The Garry Marshall-directed "Georgia Rule" starred Lindsay Lohan, whose personal problems overshadowed the complicated, strange politics of the 2007 film.
Photo by Astrid Stawiarz, courtesy of Getty Images
This Week in 2007 is a weekly column looking back on Lindsay Lohan, the first iPhone, George W. Bush, and everything else we loved about the year 2007.
At the end of the Bush Era family comedy Georgia Rule, Rachel, portrayed by then-it girl Lindsay Lohan, sinks into a beige couch across from the titular character, played by Hollywood royalty Jane Fonda. Georgia encourages her granddaughter Rachel to press rape charges against her stepfather, Arnold, and reveal his crime to Rachel's mother and Georgia's daughter, Lily (Felicity Huffman). Rachel worries. She already told Lily, and she took her husband's side. "What makes you think she'll believe me now?" Rachel asks. Georgia brushes her off: "We'll make her!"
Thus begins probably the only rape comedy car chase. Georgia rides shotgun while Rachel's Mormon boyfriend, Harlan, slows his pickup truck in front of Arnold and Lily's rental car on the road from Utah to San Francisco. In the back of the truck, Rachel lays behind a load of wood, waiting to surprise her rapist.
Today, with perhaps Hailee Steinfeld taking Lindsay's role, the scene would inspire dozens of op-eds. (Lady Gaga would probably write a song for the closing credits.) But controversy prevented Georgia Rule from inspiring those conversations. Executive producer James G. Robinson wrote a scathing letter to Lindsay, calling her excuses for missing work bullshit, and leaked the memo to the press in July 2006.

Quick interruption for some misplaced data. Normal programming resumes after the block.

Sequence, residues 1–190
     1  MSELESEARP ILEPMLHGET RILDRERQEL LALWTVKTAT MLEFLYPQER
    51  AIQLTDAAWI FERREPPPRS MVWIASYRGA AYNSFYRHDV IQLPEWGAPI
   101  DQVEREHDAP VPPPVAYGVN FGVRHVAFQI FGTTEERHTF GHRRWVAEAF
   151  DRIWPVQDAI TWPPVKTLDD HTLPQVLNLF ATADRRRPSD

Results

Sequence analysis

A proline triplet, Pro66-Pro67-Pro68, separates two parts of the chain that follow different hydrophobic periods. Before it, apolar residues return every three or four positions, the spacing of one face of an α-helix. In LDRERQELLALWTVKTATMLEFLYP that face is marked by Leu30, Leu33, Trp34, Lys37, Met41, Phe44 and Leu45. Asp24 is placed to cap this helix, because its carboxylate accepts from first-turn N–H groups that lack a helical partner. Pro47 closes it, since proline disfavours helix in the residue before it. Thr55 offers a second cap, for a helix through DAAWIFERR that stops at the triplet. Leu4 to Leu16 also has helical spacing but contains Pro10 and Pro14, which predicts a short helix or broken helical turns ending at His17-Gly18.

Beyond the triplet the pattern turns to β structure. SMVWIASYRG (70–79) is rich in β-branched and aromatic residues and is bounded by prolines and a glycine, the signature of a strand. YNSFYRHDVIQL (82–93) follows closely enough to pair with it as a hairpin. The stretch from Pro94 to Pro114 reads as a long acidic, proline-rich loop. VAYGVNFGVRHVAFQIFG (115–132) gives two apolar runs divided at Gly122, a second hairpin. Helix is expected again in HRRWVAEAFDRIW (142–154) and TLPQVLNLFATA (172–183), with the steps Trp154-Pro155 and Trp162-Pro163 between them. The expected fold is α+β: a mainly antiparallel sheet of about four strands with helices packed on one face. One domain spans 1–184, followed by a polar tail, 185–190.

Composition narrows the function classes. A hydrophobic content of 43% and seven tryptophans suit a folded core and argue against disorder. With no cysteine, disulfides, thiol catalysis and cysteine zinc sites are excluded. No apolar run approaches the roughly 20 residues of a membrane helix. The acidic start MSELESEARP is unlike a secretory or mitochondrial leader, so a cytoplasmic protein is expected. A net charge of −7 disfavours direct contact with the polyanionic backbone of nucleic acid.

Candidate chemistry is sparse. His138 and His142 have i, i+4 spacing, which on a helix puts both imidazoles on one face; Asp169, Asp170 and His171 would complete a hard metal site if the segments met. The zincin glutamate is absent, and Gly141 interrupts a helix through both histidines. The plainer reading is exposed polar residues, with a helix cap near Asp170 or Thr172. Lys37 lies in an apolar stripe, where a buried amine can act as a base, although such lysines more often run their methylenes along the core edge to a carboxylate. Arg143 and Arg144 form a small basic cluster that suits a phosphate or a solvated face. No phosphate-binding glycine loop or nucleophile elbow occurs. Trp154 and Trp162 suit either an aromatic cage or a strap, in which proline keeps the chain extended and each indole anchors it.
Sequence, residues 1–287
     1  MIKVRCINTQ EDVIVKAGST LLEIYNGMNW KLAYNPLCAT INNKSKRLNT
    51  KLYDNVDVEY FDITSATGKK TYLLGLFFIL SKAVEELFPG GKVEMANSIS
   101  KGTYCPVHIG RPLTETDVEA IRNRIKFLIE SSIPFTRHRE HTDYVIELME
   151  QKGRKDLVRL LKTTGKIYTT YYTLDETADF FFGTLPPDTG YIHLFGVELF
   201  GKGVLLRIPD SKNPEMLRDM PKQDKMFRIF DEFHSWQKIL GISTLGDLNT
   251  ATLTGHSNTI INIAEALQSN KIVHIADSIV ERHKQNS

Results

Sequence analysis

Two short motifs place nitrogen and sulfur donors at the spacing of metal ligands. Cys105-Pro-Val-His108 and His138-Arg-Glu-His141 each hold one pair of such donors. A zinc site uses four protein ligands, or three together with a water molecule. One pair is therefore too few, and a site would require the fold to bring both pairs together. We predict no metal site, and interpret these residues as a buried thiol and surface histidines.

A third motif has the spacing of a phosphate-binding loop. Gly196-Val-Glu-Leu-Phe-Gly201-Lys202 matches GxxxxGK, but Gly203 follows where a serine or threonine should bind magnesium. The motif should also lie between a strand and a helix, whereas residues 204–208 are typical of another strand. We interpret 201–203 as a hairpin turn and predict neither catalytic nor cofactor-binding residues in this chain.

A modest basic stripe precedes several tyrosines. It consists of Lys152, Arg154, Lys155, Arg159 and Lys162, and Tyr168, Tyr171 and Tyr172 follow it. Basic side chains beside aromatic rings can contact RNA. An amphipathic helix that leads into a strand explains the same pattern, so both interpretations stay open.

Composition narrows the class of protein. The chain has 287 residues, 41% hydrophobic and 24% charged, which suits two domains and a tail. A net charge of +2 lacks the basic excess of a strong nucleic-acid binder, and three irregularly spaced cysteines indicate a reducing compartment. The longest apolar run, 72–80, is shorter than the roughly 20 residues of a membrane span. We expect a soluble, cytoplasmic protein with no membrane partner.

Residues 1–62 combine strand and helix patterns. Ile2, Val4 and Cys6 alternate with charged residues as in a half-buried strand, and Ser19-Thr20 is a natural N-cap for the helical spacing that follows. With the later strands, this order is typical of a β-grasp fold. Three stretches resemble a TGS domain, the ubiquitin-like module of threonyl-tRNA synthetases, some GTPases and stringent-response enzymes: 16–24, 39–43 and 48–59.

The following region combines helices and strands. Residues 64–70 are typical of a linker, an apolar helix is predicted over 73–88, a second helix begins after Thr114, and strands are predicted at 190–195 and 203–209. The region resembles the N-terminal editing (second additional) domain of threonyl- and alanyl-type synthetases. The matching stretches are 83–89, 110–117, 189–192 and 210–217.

Read more: How 2007 Became a Meme
"You and your representatives have told us that your various late arrivals and absences from the set have been the result of illness; today we were told it was 'heat exhaustion,'" he wrote. "We are well aware that your ongoing all night heavy partying is the real reason for your so called 'exhaustion.'" Robinson later claimed that Lindsay cost the production an extra $375,000 per day, and he wrote the letter to teach her a lesson.
The decision misfired. When the film was released ten years ago this week, journalists asked Lindsay and Jane about his remarks on the red carpet, and critics presumed the movie was a bomb.
It flopped. Which sucks because beyond the controversy, Georgia Rule was a fascinating, albeit very flawed, family comedy about how three generations of women handle sexual assault—and proof that Lindsay's talent could have made her the 21st century equivalent of a classic Hollywood star.
Lindsay Lohan was a budding peer of Meryl Streep.
In the context of Lindsay's multiple trips to Los Angeles courthouse, it's easy to forget that she built the template for teens stars transitioning to Oscar bait. She followed up Herbie Fully Loaded with a performance as Meryl Streep's daughter in Robert Altman's final movie, A Prairie Home Companion in 2006—a strategy that Emma Stone would later perfectly implement, jumping from Easy A to The Help to eventual Oscar glory in La La Land.
Lindsay took it an extra step, gracing the pages of W magazine with Meryl for a feature called "Two Queens." The message: Lindsay was more than a young ingenue. She was a budding peer of Meryl Streep. Even a 2006 New York Times styles profile proclaimed, "What if you took someone with Britney Spears's unfailingly wrong instincts about her image, tossed in a dollop of Meryl Streep's talent and gave her flowing red hair that morphed on a moment's notice to deepest black or fairest blond? You'd end up with a pretty good facsimile of Lindsay Lohan."
To her detriment, Lindsay lacked Emma Stone's taste. Along with Georgia Rule, she selected a buzzed-about supporting role in 2007's Chapter 27, a biopic of John Lennon's killer Mark David Chapman. It premiered at Sundance, but after an onslaught of negative reviews, went straight to DVD. (Jared Leto, who played Chapman, did later win an Oscar for Dallas Buyers Club.)